Why a political elected Police Commissioner is a dangerous idea

Next November there will be the election for local Police Commissioners in Staffordshire and Stoke – as it will be everywhere else in the country. It is likely that all the main political parties will be entering candidates. Already there seems evidence that the party HQs are controlling the business about who becomes the candidate. In North Wales, for instance, the local Labour Party is accused of trying to impose a short list of three without internal party debate. The other political parties will want to control the process.

I am sure that eventually the candidate in Stoke and the rest of the county will soon emerge. The position of the Labour party is an interesting one as they began opposed to the principle of Police Commissioners on the grounds of cost and the possibility that the police will come under political influence. That opposition however evaporated as the post became an eventuality. There are suggestions that the newly elected commissioners will require advisers and an unnecessary level of bureaucracy which is an inevitability with such changes. However the concerns that politics will get in the way of operational matters and even the administration of justice.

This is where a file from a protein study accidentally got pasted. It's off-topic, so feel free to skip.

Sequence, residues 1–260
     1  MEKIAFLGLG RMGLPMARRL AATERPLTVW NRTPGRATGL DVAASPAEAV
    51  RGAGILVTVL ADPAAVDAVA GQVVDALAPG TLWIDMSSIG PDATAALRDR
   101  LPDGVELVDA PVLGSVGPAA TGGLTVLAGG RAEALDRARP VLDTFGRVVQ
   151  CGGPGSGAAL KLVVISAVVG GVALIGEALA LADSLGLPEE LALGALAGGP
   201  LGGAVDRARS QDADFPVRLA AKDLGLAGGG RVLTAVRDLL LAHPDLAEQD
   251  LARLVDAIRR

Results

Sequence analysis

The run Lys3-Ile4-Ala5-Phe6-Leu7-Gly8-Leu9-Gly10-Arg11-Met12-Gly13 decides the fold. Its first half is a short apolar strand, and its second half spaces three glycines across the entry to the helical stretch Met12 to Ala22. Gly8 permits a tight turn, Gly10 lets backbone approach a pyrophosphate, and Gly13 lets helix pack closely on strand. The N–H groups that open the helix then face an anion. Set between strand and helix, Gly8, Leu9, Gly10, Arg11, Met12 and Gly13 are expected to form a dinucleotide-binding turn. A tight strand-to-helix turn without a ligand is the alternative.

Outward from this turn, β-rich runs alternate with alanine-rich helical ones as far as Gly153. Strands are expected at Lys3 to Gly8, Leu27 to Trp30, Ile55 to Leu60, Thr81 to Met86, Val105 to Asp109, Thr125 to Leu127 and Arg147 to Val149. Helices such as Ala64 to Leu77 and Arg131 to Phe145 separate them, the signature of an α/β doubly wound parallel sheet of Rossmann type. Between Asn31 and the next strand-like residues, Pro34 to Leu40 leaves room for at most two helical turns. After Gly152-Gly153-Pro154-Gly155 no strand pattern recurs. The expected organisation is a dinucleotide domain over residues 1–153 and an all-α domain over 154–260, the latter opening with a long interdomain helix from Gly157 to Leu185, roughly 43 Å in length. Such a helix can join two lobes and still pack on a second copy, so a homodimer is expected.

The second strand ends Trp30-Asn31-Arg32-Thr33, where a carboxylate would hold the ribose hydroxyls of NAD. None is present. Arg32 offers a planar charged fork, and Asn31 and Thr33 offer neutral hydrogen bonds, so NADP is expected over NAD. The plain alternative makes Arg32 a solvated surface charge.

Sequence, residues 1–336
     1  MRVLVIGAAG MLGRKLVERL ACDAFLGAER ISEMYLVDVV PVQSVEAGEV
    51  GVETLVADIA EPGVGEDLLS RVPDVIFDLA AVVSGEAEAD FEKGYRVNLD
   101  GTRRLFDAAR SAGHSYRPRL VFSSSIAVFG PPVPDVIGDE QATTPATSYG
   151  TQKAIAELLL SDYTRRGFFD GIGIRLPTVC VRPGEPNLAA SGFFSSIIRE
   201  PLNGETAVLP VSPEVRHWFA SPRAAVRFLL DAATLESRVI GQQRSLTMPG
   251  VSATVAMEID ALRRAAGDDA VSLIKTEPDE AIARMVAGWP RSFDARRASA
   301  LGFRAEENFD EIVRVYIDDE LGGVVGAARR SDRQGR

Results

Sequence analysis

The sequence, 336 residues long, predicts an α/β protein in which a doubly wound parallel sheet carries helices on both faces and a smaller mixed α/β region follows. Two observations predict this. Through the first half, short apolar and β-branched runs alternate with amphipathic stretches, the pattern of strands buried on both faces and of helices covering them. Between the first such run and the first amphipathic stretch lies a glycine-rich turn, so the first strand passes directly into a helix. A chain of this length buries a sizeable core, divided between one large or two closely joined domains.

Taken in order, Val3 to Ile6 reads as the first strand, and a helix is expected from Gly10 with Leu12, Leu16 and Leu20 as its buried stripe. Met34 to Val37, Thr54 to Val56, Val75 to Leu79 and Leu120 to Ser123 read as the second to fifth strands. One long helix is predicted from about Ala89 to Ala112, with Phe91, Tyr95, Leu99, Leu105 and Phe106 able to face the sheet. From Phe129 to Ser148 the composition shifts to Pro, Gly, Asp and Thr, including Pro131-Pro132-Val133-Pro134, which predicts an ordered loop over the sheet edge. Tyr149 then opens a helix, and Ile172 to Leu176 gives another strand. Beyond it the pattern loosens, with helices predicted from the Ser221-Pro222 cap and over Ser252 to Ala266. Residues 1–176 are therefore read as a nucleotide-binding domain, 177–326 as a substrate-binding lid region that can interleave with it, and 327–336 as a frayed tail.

I will cite an example that should cause some concern. In May 2010 the independent candidate in Longton South complained that she was intimidated and that even one of her supporters was assaulted by an Asian supporter of the Labour party candidate. She complained about examples of electoral malfeasance and fraud. That was nearly two years ago and there is no evidence at least from a reading of the local newspaper that these allegations have either been investigated either by the police or the City Council. It might be that the Police do not consider this a matter for serious investigation. On the other hand they and the City Council might view the possibility that the south Asian community might be involved in fraud difficult politically to address as the Party is dependent on the vote of this community.

There is a wider issue of fraud which has a bearing on the political nature of the posts. Stuart Wilks-Heeg of Democratic Audit, a research group, points out that British Asians make up half of all those convicted since 2000. Where fraud is most common–such as in Burnley, Oldham, Birmingham–and allegations most persistent there are also large Asian populations. He points to “biraderi”, brotherhood networks, used to rally support for particular candidates–a practice imported from Pakistan.

On the basis that a Labour elected Police Commissioners might be constrained pursuing with vigour this practice because they are reliant on the Asian vote then a political police Commissioner must fill us with concern.


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